The death of Sen. John McCain, who succumbed to aggressive brain cancer at age 81 on Saturday, has prompted a remarkable outpouring of grief and praise. While some of these tributes — often coming from Democrats — are motivated at least in part by loathing of McCain’s archfoe Donald Trump, there is also a very real sense that the late senator represents the kind of stature and nobility that are in danger of becoming extinct in American politics.
McCain’s life and career had a direct relevance to a number of key issues of our time — but two in particular: political polarization, and America’s global role (including our relationship with Russia).
First, McCain (R-Ariz.) was a conscientious objector in the transformation of politics in the United States into a war zone where an opponent was the enemy and no tactics were too low. The moment that famously encapsulated his stance was the 2008 encounter on the campaign trail with an elderly voter at a Minnesota town hall meeting. The woman told him that she couldn’t trust Obama: “I have read about him, and he’s not — um, he’s an Arab . . .” McCain took the microphone from her and replied, gently but firmly, “No, ma’am. No, ma’am. He’s a decent family man citizen that just I just happen to have disagreements with on fundamental issues, and that’s what the campaign’s all about. He’s not.”
Some have criticized McCain for allowing the apparent implication that an Arab cannot be a decent family man and citizen; but that’s an extremely ungenerous reading of an improvised response to an inflammatory comment. McCain was clearly shutting down the suggestion that Obama was not a “real American” — a notion that later flourished in large sections of the conservative movement and fueled the rise of Trump.
Of course McCain sometimes engaged in polarizing partisanship; he was a politician, not a plaster saint. But ultimately, his message was to treat “the other side” as fellow Americans — something sorely needed in public discourse today.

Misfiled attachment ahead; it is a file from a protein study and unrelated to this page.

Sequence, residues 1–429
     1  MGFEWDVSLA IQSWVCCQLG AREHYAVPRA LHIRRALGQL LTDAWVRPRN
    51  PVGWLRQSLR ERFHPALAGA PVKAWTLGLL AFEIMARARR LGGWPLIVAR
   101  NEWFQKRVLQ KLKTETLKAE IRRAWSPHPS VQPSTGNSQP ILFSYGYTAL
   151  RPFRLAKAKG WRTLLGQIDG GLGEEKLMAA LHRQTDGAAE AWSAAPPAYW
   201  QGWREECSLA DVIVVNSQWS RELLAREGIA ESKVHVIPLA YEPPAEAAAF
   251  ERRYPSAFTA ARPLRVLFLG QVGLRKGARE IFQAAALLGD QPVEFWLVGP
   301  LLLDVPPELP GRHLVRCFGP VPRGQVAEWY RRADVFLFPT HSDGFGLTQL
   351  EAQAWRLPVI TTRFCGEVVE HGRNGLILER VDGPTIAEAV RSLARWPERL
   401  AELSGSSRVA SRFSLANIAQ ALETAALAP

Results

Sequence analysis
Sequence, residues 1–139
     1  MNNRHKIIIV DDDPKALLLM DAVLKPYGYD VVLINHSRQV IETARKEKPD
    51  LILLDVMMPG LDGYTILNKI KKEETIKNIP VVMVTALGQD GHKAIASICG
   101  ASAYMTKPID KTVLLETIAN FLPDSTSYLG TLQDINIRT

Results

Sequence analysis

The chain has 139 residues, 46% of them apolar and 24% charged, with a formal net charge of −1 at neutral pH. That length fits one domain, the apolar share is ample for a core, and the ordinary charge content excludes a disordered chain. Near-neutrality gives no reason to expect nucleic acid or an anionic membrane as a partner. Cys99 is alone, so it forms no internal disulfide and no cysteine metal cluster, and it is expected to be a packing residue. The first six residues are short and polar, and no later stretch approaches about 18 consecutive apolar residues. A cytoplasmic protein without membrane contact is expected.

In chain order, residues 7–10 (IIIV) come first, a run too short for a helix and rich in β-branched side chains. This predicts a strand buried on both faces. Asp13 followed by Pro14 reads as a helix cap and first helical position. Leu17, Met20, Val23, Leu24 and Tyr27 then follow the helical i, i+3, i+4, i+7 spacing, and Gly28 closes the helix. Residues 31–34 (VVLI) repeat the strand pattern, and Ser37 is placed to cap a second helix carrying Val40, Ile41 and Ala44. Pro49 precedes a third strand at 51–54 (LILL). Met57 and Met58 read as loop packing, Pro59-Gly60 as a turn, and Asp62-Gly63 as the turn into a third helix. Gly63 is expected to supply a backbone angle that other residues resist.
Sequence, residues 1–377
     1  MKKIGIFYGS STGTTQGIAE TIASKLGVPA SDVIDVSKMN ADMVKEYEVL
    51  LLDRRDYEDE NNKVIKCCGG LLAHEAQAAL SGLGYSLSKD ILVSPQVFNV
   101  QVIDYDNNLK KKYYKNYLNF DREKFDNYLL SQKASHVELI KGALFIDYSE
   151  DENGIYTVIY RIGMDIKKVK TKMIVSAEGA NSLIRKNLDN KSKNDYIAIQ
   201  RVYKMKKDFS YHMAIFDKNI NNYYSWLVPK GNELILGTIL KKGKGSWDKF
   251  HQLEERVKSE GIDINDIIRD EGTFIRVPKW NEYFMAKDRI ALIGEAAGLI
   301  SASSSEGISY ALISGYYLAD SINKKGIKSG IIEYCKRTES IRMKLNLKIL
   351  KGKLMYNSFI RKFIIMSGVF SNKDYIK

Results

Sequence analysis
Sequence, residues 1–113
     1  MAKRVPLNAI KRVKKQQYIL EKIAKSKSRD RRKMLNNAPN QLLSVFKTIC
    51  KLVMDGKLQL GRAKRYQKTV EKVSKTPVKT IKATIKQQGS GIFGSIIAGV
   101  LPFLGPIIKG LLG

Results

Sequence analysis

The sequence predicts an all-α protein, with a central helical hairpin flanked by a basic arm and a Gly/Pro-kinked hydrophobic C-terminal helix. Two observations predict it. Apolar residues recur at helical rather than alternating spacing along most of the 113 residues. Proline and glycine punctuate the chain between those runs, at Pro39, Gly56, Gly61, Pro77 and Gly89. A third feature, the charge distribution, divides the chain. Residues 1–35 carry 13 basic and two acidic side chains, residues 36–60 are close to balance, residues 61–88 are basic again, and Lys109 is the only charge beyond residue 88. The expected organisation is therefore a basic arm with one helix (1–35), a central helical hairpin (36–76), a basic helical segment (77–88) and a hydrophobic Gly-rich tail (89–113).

McCain was also an unabashed advocate of American leadership in the world and of the America-led international liberal order, increasingly scorned by both liberals and conservatives. His interventionist vision has been associated with some notable failures such as the Iraq War; for critics, his push for action in Syria meant that he had learned nothing.
But the moral and practical calculus of U.S. interventions abroad is hugely complex. Whether McCain was right or wrong, his vision was unquestionably rooted in a genuine belief that American power could thwart evil and help empower the oppressed, not in a crude desire to impose American dominance. (Notably, while he championed the war on terror, he consistently and staunchly opposed torture.) Leftists who assail McCain as a “warmonger” with a burning desire to bomb “brown kids” seem to forget that the actual wanton killer of brown kids — and adults — is Bashar Assad, the Syrian dictator McCain wanted taken down.
McCain’s moralistic hawkishness was also frequently directed at Russia; he was one of the strongest voices against Vladimir Putin’s wars in Georgia and Ukraine and in favor of economic sanctions against the Kremlin regime. This American politician was a hero to Russian dissidents such as Garry Kasparov, as well as to pro-freedom Ukrainians.
McCain’s farewell statement reminds us not to “despair of our present difficulties” and to “believe always in the promise and greatness of America.” His ideals, while certainly subject to debate, were a part of that greatness. If his passing becomes an occasion to reappraise those ideals, it will be his final service to the country he loved.
Cathy Young is a contributing editor to Reason magazine.